- Debut Hawaii win for Jordy Smith
- Blitzboks skipper calls for improvement on home soil
- Runaway Test win for South Africa in India
- Olympian Stone pounces at Leopard Creek
- SA team extend lead in Indian Test
- Blitzboks blast past Kiwis to reach Dubai semi-finals
- Van Niekerk pays tribute to triumphant Bolt
- Banyana dominate but go down to Ghana in playoff
- Blitzboks bag three wins in Dubai
- International honours for Olympic coach Barrow
SA aces in Europe
- Updated: March 29, 2012
By Mark Etheridge
Our top women’s road cyclists are traveling the length and breadth of Europe in search of valuable UCI ranking points ahead of this year’s Olympic Games in London and they got their international campaign underway with a solid showing at the Trofeo Alfredo Binda-Comune di Cittiglio event in Italy last week.
This was after a training camp with the Lotto-Belisol outfit in Tuscany.
The Italian race, was the second event on the UCI Road Women World Cup calendar and there were no prisoners taken. Of the 174 starters for the 131.2 kilometre race a whopping 90 failed to finish.
Among the non-finishers were Jo van de Winkel and An-Li Pretorius.
As expected Argus Tour winner Ashleigh Moolman-Pasio was our top finisher, ending up a fine 10th and All Africa Games time trial champion Lise Olivier was 62nd in her first World Cup event.
The race was won by Dutch rider Marianne Vos, the Rabobank rider powering away to win in 3hr 16min 28sec. Moolman Pasio ended 37 seconds adrift of the former world champion but wasn’t overly impressed with the result, despite the fact that she’d been involved in a crash.
“It was a respectable finish for my first World Cup of 2012, but I found myself feeling very disappointed,” she said. “I messed up my sprint, my last chance of a higher finishing position and more valuable points for South Africa! On reflection, I learnt a lot about myself during the race and after finishing 57th last year, I am happy with my result! Trofeo Binda was my first race back in Europe for 2012 and not feeling my best, I’m hoping that things can only get better from here!
“I held a good position near the front of the peloton from the start. But despite my good position, I still managed to get taken down in a crash on the first small descent of the race, at about 15km. This rattled me a bit, having crashed twice in last year’s race, which completely ruined any chances of a good result, I found myself hoping and praying last year’s misfortune would not repeat itself. Luckily enough, my fall was not very hard and I managed to get myself up, and going quite quickly.”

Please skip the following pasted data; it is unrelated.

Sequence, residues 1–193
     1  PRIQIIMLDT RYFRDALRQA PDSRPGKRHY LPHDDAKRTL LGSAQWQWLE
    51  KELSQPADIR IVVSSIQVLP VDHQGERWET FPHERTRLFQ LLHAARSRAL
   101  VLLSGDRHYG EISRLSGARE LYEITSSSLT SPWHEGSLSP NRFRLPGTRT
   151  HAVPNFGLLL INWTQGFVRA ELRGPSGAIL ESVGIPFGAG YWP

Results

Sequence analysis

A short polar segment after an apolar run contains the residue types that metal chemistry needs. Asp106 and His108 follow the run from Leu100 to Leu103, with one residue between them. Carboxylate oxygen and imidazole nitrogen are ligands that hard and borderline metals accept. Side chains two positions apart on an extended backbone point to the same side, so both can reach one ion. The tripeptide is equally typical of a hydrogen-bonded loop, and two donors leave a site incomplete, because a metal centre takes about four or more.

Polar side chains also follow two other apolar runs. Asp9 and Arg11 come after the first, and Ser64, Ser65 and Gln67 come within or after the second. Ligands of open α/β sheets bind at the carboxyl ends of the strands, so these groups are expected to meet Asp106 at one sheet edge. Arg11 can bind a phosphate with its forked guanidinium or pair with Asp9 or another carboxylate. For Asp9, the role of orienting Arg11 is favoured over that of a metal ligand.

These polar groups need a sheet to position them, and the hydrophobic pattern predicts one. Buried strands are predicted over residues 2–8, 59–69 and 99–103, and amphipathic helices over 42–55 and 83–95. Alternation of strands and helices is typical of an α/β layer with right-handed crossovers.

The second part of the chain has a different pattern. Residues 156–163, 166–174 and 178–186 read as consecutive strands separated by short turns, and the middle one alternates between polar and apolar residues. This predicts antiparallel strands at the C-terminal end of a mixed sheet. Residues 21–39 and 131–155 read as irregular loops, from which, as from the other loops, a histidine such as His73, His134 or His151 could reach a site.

Moolman Pasio hadn’t been herself in recent days, struggling with a head cold and allergies and this may have sapped her strength in the final stages. “With a few last attempt attacks approaching the finish line and with a fast approaching chasing peloton, I found myself on the front of our chase group of 10 taking the final corner with about 500m to go. In hindsight, not the best place to be, but not thinking very clearly at the time, I thought I could launch my sprint early and last!”
As for Olivier, who ended 6:34 off the pace, she was nervous but happy to have got through in one piece. “At the team presentation the night before the race I got an idea of the magnitude of the occasion. Each team were properly introduced and the names of all the top cyclists in the world were announced one after the other. I finally got to put a face to the names that in the past I have only read or heard about and felt very lucky to have an opportunity to line up against 174 of the best riders in the world.
“To start your European racing campaign with a World Cup was never going to be easy. More than half of the riders that started did not finish. I set out to just finish the race but was disappointed coming so close to finishing with the front group. It has by far been the hardest race I have ever done. Welcome to world class European racing!”
Olivier was also chosen for dope-testing after the race, making for a true baptism of fire for the Pretoria cyclist.